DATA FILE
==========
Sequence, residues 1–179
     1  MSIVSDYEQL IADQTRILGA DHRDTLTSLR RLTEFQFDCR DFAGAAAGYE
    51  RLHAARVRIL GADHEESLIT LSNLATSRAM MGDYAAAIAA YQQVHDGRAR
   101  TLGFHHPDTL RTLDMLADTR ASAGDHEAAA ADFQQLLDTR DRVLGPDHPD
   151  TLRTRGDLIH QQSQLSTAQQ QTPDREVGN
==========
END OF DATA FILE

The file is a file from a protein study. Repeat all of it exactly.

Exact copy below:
Sequence, residues 1–179
     1  MSIVSDYEQL IADQTRILGA DHRDTLTSLR RLTEFQFDCR DFAGAAAGYE
    51  RLHAARVRIL GADHEESLIT LSNLATSRAM MGDYAAAIAA YQQVHDGRAR
   101  TLGFHHPDTL RTLDMLADTR ASAGDHEAAA ADFQQLLDTR DRVLGPDHPD
   151  TLRTRGDLIH QQSQLSTAQQ QTPDREVGN